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Saina Nehwal is a champion, but in spite of India, not because of it

There has been a lot of chest-thumping in the wake of Saina Nehwal reaching the magical number one spot in the badminton rankings. Aditya Mani Jha writes about the dangers of reading too much into success in individual sports.

ADITYA MANI JHA  4th Apr 2015

Saina Nehwal.

hen Saina Nehwal was recently crowned the world's number one female badminton player, there was, understandably, a lot of chest-thumping in news publications and across social media. One organisational Facebook page congratulated Nehwal on her achievement: with one caveat. The photograph they used in their banner was that of... Sania Mirza. Perhaps this was an innocent blooper. What I find significant, however, is that both Mirza and Nehwal are poster-girls for Indian sports, regularly held up as examples of the hypothesis that Indian sports is beginning to take giant strides on the international stage; that despite not having the best of facilities at times, Indian men and women have it in them to dominate proceedings at the highest level.

Before we delve deeper into this hypothesis, let me qualify my stance at the outset: I believe Nehwal's feat is worthy of the highest praise and that she is likely to win several major tournaments in the near future. However, to use her or Mirza's example to hail the "progress" of Indian sports as a whole is simplistic at best, and lazy apologia at worst. These are individuals who are and have always been outliers, blessed with talent the likes of which comes along once or twice every generation.

Let me illustrate this with an example: Tiger Woods had been earmarked as a prodigy when he was as young as two. His father Earl was a more than competent amateur golfer (he had a single-digit handicap) who also played college basketball in his youth. Woods took to the game so swiftly that at 2, he already had a television appearance under his belt, on The Mike Douglas Show. By 11, he was defeating his father easily. At 15, he met Jack Nicklaus, who was thoroughly impressed by the precocious teen. At 18, he had won the National Amateur Championship, a record which hasn't been broken yet. Another year down the line, he was snapped up by Stanford University on a golf scholarship.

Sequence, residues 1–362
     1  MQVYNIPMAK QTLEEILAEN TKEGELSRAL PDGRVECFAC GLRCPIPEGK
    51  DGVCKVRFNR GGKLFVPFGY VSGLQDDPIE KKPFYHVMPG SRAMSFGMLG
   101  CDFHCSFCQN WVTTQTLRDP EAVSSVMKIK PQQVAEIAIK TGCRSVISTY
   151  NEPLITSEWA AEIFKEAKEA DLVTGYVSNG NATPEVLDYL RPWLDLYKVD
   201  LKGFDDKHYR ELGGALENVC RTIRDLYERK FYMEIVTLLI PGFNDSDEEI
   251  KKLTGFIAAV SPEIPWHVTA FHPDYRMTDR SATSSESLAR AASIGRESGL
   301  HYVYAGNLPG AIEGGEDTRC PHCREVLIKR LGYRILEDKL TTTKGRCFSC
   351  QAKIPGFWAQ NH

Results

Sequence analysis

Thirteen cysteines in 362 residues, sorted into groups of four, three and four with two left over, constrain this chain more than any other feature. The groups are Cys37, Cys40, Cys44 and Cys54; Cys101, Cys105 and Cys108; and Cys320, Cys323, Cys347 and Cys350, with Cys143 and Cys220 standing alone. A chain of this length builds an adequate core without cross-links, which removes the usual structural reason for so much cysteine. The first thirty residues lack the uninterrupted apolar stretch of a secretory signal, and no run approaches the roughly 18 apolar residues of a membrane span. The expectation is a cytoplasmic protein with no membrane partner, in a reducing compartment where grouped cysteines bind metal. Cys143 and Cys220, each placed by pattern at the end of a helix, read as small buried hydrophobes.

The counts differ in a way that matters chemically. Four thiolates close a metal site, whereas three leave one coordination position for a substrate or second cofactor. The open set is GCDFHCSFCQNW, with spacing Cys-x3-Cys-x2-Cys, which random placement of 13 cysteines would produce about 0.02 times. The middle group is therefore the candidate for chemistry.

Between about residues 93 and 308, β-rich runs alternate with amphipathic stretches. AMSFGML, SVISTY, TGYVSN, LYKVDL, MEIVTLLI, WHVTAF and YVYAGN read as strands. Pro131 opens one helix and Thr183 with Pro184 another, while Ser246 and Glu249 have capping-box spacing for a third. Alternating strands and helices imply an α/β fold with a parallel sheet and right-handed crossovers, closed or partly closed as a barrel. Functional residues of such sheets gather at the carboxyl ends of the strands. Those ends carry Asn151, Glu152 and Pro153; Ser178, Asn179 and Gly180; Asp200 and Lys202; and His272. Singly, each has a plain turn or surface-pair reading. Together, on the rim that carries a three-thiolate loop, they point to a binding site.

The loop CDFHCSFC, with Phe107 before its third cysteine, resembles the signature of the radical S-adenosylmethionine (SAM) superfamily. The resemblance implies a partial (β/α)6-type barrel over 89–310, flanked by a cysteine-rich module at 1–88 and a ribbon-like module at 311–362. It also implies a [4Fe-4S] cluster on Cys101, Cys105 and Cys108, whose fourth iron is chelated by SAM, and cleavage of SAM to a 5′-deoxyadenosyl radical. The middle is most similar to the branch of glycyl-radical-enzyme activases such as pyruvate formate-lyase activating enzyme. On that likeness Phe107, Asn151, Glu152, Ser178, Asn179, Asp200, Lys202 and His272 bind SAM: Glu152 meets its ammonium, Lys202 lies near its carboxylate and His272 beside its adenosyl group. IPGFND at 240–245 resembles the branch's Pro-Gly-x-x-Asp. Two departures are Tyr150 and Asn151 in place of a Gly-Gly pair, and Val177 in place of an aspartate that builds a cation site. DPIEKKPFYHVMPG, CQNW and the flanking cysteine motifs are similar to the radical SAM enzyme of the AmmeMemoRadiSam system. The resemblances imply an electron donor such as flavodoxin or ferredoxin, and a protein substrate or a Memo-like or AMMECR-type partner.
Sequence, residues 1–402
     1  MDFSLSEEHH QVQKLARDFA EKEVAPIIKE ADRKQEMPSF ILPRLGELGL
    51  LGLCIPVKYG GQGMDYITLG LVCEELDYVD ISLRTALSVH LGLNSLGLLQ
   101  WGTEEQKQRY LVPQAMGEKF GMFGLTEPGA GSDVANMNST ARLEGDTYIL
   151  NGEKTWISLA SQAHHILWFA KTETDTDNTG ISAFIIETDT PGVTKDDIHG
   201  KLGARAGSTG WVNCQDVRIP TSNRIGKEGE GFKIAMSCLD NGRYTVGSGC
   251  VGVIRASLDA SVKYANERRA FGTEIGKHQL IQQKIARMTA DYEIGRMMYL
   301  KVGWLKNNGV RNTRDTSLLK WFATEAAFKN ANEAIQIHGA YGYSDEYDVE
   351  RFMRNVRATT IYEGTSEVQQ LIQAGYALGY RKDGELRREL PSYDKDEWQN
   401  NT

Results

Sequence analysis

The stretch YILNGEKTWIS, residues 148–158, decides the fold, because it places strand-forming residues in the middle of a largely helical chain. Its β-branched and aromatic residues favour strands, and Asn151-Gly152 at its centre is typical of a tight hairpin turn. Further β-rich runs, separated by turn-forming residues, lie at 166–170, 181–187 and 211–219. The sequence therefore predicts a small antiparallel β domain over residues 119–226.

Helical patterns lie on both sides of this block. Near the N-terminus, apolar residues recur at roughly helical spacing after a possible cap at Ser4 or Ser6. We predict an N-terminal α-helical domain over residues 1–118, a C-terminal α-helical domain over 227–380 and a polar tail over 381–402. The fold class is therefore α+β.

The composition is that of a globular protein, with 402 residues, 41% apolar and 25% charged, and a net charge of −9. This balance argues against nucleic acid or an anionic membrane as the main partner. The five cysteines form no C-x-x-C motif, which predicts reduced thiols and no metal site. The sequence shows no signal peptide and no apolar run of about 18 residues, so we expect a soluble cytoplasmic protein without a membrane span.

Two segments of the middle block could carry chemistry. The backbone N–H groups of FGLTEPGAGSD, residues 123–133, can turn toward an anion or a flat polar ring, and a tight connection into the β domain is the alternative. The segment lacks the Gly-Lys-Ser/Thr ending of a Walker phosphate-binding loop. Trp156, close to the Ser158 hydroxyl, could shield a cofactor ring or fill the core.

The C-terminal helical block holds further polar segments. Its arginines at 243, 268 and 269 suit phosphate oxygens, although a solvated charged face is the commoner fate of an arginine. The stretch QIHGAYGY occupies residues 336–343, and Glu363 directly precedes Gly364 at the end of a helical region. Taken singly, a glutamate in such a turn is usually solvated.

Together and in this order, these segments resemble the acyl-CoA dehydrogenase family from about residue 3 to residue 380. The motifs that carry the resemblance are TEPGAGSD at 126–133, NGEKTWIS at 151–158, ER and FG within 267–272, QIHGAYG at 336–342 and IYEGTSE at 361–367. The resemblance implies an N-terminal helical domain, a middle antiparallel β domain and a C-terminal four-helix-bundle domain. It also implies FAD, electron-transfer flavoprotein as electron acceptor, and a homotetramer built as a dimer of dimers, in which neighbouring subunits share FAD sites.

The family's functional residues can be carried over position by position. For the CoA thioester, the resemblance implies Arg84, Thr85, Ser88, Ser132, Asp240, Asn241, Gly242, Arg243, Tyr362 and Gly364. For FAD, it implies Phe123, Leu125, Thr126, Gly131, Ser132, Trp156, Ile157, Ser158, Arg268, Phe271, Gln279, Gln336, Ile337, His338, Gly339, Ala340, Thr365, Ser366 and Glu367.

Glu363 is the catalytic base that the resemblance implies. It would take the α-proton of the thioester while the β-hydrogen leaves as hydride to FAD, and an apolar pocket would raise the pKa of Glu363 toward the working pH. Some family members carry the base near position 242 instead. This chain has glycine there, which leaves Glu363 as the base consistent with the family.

Here's the thing: for the average African-American his age, the 19-year-old Woods was very privileged indeed. This is a sad truth, but the truth nonetheless. Can super-athletes emerge despite not having access to the kind of facilities, encouragement and knowhow that Woods received? Absolutely, as evidenced by the case of Kareem Abdul Jabbar for one. But it's naïve to assume that these privileges and support structures had no part to play in Woods' future as the number one golfer in the world.

India's performance at the Olympics has been a source of concern since forever. From our glory days at the hockey field, gold after gold seeming inevitable, we have been reduced to a nation in the throes of uncontrollable ecstasy at every single medal: gold, bronze or silver. And why shouldn't we? It is that rare, after all. We still talk about Leander Paes' heroic loss to Sergi Bruguera. In fact, some of the more cynical among us may suggest that Bruguera's victory over Paes at the Atlanta Olympics is the only reason India fans remember a Catalonian clay courter who, after all, never made it to the number one spot.